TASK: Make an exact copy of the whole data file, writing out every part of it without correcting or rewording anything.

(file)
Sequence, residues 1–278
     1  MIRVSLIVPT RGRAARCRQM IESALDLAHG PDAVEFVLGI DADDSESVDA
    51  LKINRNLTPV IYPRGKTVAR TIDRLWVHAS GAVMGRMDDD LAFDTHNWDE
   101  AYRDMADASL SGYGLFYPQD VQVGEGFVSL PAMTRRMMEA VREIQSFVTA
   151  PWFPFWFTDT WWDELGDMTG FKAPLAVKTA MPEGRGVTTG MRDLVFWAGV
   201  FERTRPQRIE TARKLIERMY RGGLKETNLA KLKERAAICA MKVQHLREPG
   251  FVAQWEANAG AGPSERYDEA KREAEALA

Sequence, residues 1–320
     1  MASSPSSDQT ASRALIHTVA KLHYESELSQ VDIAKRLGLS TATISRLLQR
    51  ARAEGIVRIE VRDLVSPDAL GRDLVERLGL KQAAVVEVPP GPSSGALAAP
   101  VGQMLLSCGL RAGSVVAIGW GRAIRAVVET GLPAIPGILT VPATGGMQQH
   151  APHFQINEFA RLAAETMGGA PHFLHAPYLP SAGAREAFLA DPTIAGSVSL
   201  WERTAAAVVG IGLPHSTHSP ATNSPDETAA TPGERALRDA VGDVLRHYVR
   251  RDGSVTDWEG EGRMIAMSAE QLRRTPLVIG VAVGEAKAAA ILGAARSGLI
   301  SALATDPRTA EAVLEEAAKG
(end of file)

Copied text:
Sequence, residues 1–278
     1  MIRVSLIVPT RGRAARCRQM IESALDLAHG PDAVEFVLGI DADDSESVDA
    51  LKINRNLTPV IYPRGKTVAR TIDRLWVHAS GAVMGRMDDD LAFDTHNWDE
   101  AYRDMADASL SGYGLFYPQD VQVGEGFVSL PAMTRRMMEA VREIQSFVTA
   151  PWFPFWFTDT WWDELGDMTG FKAPLAVKTA MPEGRGVTTG MRDLVFWAGV
   201  FERTRPQRIE TARKLIERMY RGGLKETNLA KLKERAAICA MKVQHLREPG
   251  FVAQWEANAG AGPSERYDEA KREAEALA

Sequence, residues 1–320
     1  MASSPSSDQT ASRALIHTVA KLHYESELSQ VDIAKRLGLS TATISRLLQR
    51  ARAEGIVRIE VRDLVSPDAL GRDLVERLGL KQAAVVEVPP GPSSGALAAP
   101  VGQMLLSCGL RAGSVVAIGW GRAIRAVVET GLPAIPGILT VPATGGMQQH
   151  APHFQINEFA RLAAETMGGA PHFLHAPYLP SAGAREAFLA DPTIAGSVSL
   201  WERTAAAVVG IGLPHSTHSP ATNSPDETAA TPGERALRDA VGDVLRHYVR
   251  RDGSVTDWEG EGRMIAMSAE QLRRTPLVIG VAVGEAKAAA ILGAARSGLI
   301  SALATDPRTA EAVLEEAAKG